I’m going to come right out and disagree with my colleague (and editor) David Lidsky on the American version of the workplace sitcom, “The Office.” Simply put, I think BBC’s was better – and there are some analogues to be found in other business ventures.
First off, I watched the second episode last night – and make no mistake, the show is funny… Better than any other half-hour comedy out there, in my opinion. But the original was, well, original. (It beat out “Arrested Development” and “Sex and the City” for two Golden Globes, remember?)
No doubt NBC was aiming for something like the HP/Apple iPod partnership; Let us in on the deal and we’ll all make some money. But what we’ve got here is more like NBC’s Dell to BBC’s Apple – or perhaps just Lexus’s Toyota: a more-accessible, less startling reproduction intended for a broader audience with different tastes. Which is why, like Dell, NBC is going to make a lot of money. (And, knowing NBC – which just sold a lump of its soul to Volkswagen – my spidey sense says some of “The Office’s” revenues will come from product placement. Just a guess.)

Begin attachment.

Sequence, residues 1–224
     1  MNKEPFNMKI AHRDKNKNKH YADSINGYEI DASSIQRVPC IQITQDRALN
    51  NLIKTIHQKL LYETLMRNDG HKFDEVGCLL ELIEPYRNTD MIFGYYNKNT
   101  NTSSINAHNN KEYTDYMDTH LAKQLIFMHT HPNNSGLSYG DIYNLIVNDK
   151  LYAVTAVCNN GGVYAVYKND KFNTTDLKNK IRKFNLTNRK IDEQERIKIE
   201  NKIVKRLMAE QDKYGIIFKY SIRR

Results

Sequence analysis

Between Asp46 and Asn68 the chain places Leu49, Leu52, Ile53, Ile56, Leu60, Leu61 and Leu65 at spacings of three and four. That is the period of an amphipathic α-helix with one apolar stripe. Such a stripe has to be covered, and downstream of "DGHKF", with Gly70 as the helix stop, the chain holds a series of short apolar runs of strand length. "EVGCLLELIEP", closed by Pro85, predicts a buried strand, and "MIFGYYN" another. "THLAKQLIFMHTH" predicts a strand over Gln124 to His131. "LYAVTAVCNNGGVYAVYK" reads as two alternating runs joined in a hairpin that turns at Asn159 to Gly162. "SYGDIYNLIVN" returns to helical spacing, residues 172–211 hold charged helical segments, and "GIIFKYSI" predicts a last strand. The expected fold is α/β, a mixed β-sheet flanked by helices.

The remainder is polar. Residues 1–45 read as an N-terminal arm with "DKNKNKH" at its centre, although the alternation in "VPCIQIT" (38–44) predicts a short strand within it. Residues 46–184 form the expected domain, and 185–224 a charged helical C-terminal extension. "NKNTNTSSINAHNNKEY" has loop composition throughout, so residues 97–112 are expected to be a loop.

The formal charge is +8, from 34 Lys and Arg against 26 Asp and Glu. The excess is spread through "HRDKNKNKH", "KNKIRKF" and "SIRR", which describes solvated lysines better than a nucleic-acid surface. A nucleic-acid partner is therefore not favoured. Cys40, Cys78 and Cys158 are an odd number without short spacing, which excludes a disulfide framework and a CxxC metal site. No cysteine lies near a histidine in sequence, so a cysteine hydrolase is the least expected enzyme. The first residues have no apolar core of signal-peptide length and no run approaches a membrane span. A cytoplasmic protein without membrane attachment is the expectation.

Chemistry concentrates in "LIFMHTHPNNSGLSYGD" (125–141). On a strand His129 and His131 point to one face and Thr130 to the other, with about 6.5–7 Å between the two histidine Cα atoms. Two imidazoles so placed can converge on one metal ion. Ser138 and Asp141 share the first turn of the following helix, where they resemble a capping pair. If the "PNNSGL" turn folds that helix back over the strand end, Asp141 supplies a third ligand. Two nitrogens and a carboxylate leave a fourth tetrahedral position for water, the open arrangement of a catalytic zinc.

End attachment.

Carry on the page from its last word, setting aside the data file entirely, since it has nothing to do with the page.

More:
One question for NBC is this: Was anything learned from the “Coupling” implosion (another BBC facsimile)? There, too, network execs hired on the original British creators to help adapt storylines to US audiences, but it fell flat on its face. Was it the withering shadow of “Friends” that doomed “Coupling,” or just sub par production? And what has NBC done to avoid the same fate with “The Office”? It would be interesting to hear if the peacock’s execs wind up sharing any lessons from the two projects. FCS